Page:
Food Budgeting Tips

The average Canadian household spends the most on shelter, taxes, transportation, and food, in that order. So what happens when the first three are eliminated, or at least significantly reduced?

Teaching in Korea means provided accommodation (with incredibly low utility costs–under $50 CAD a month for heat, water, gas, and electricity for my sizeable 2 bedroom apartment), short commutes–often involving only walking, and limited to no income tax.

Suddenly food becomes the most significant portion of a household budget. For me, food takes up anywhere between %30-50 of my budget each month, with travel (such as weekend trips) coming in at a close second. Reducing food costs can have a significant impact for anyone, but imagine the difference of cutting back your largest area of expenditure!

 

Learn to Love Local Food

I came to Korea already having a love for the food, so transitioning my diet to local cuisine was not difficult. That didn’t prevent my cravings for comfort foods from home though–pizza, mac and cheese, fruit, chocolate, etc. Unfortunately, many of these foods can be quite pricey in Korea. For one, dairy isn’t as popular here, and though I don’t know many details of it’s production, I have a sneaking suspicion it’s not subsidized the way it is in Canada.

Over time, I’ve changed my eating habits significantly. As I started to view those comfort foods as once-in-a-blue moon treats, my wallet and my waistline thanked me. It also encouraged me to eat and cook more local foods, which has been a great learning experience. Moreover, it means I’m contributing more to the local economy.

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There’s an entire chicken in this 7,000 won bowl of soup! (~$7 CAD)

The best part? Eating the local food rather than imported international food is so much cheaper, that it’s actually quite affordable to eat out a lot. A typical meal in a restaurant costs between $5 and $7 CAD and is enough to fill me up for lunch and dinner.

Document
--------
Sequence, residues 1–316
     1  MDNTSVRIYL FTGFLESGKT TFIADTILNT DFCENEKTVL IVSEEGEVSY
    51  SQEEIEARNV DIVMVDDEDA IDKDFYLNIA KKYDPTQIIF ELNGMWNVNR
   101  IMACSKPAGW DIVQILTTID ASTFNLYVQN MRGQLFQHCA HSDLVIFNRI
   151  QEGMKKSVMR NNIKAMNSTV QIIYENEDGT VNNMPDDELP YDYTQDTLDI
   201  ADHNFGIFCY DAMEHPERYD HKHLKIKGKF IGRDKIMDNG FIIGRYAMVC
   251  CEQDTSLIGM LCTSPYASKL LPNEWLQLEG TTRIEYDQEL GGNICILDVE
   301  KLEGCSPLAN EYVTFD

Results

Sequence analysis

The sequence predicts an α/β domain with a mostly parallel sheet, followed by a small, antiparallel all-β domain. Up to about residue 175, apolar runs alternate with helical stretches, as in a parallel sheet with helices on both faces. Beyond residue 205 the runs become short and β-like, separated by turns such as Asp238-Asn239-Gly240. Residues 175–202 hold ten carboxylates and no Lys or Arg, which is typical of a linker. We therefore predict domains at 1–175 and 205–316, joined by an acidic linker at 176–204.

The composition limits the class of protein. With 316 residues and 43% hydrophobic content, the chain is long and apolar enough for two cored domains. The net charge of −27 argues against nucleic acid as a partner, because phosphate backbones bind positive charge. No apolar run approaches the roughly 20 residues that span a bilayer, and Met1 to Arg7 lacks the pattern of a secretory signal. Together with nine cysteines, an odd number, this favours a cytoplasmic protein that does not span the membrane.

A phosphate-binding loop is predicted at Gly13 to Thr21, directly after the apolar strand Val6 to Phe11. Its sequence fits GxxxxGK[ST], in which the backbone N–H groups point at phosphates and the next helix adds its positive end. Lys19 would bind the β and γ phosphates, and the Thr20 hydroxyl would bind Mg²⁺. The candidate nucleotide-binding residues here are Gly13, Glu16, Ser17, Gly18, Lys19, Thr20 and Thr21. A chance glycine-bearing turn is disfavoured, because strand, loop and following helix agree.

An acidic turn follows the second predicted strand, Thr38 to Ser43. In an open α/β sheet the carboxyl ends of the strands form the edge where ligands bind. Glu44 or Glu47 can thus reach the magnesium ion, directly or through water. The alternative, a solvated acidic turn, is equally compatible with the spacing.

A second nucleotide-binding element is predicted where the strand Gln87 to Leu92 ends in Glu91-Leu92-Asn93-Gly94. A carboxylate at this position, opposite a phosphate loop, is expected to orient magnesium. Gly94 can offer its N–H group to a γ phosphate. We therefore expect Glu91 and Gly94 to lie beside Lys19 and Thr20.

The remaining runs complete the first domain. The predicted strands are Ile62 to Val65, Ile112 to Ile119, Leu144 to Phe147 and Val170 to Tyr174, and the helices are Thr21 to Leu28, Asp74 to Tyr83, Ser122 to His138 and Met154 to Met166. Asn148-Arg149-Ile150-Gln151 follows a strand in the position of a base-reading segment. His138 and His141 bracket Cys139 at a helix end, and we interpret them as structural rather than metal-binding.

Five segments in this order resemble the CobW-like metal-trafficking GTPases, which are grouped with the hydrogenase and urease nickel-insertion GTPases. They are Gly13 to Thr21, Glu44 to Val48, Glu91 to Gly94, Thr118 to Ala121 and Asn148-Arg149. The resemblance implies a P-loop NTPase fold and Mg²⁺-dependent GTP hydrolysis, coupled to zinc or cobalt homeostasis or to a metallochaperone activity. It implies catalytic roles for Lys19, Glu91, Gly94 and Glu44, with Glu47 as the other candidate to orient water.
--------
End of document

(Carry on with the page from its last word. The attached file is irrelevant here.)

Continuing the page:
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As local as it comes: famous Taebaek Tagkalbi made with local veggies and chicken.

Using these strategies, I’m able to keep my food budget down to about $300 CAD or less per month. That includes eating out a lot and cooking for 2 most of the time.

 

Write a List of Cheap Foods Available

One of the ways that I’ve managed to budget my food more effectively is to browse every aisle of the grocery store, write a comprehensive list of all the affordable healthy foods, and stick to that as much as possible. Where I live in Korea, these foods include things like cabbage, cucumber, carrots, greens, garlic, rice, flour, potatoes, rice cakes, soy sauce, and tofu. Unfortunately, fruit is quite pricey compared to back home, so I’ve learned to substitute vegetables and buy frozen or “damaged fruits” more often.

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Brainstorm Recipes

If you’ve made a list of the cheaper foods, it’s time to start brainstorming what you can make with them! Of course, Korean dishes are the most accessible based on these ingredients, but with a little substitution and creativity, it’s easy to expand your repertoire.

I look at my list of affordable foods, and think about which combinations will turn into delicious meals. If you don’t have a lot of experience cooking, it could be tricky to come up with your own combinations, but never fear, Foodgawker is here! Foodgawker is basically the foodie version of pinterest–a compilation of links to recipes all over the internet. By listing a couple ingredients (i.e. carrots, zucchini, cabbage) the website will come up with loads of recipes containing those. You can also exclude ingredients (i.e. cheese) to get a better list for your needs.

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Take a List, and Don’t Shop Hungry

This applies to food budgeting anywhere in the world: never walk into a grocery store hungry! It’s amazing how much of a difference a full stomach will make on your wallet.

A few days ago I had brunch at an American-style diner in Seoul called Travel Maker. They have all sorts of treats from home that aren’t easily available in Korea you can buy to take home–chips, Kraft Dinner, pretzels, etc. When I first walked in, I made a ridiculous mental list of all the things I would buy on my way out, but by the time I had eaten my massive brunch, the list dropped down by more than half and I left having spent much less money!

 

Shop Often

It might seem counter-intuitive to shop often to save money, but when it comes to perishable food, this is key. Of course, hitting up the grocery store every other day might not be an option for everyone. But shopping often means less food spoilage and better meal planning. I often find myself shopping ahead and then find out I have a hwaeshik, or just crave something different from what I planned earlier in the week.

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Food budgeting can seem boring or even daunting if you’ve never done it. Its not only a great way to save money, but also the perfect opportunity to expand your cooking repertoire and try new foods.

What are your strategies for saving money on food?

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